4. Familiar small town charm
‘Bunheads’ is set in the idyllic west coast town of Paradise (yes, I know), and despite the fact that it’s on the opposite side of the country, it appears to be a cousin to Stars Hollow. You don’t get a very good feel for the town from the pilot (there’s a lot of story to be covered, after all), but you do learn that there is no movie theater, the skating rink will open in November, and sometimes the kids go to the library for fun at night when the janitor accidentally leaves it unlocked. Yes, apparently this show is set in the 1950s and any minute a fire engine will race by to rescue a kitten stranded in a tree.
But it’s not the small town that matters, it’s the people who make up the town. Sherman-Palladino did a wonderful job introducing and developing the odd townsfolk of Stars Hollow so that you actually got a sense of community from the show. Viewers knew Taylor and Miss Patty and thankfully, Kirk. We knew them, we loved them, and we cared about them. I have high hopes that she’ll do the same thing here, having already introduced us to at least one quirky character, Stacey Oristano’s (‘Friday Night Lights’) talented seamstress (sound familiar?), Truly.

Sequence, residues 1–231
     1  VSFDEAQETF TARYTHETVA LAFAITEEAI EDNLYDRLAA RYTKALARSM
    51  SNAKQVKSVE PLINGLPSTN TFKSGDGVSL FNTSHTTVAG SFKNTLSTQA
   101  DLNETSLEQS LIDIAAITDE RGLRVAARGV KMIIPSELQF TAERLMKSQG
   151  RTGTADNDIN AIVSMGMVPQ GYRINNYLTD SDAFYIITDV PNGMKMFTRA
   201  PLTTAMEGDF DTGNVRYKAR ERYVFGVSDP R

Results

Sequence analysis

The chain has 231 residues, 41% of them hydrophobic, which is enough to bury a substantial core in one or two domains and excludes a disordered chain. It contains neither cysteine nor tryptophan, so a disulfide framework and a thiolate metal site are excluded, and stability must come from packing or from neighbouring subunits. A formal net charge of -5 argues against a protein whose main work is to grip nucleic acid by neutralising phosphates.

5. Familiar sense of home
I once built a solid friendship out of a shared love of ‘Gilmore Girls’ and I hold it near and dear to my heart. There are very few shows that make me smile just by thinking about them and there are very few shows that give me adequate pop-culture reference material. I’ve been in love with Jess Mariano for the last 10 years and I cry when Lauren Graham cries. ‘Gilmore Girls’ is a part of me and I see so much of it in ‘Bunheads’ that if you were ever a fan of the show, you owe it to yourself to give it a try.
The show airs on ABC Family Monday nights at 9 PM.
Note: Photo courtesy of ABC Family.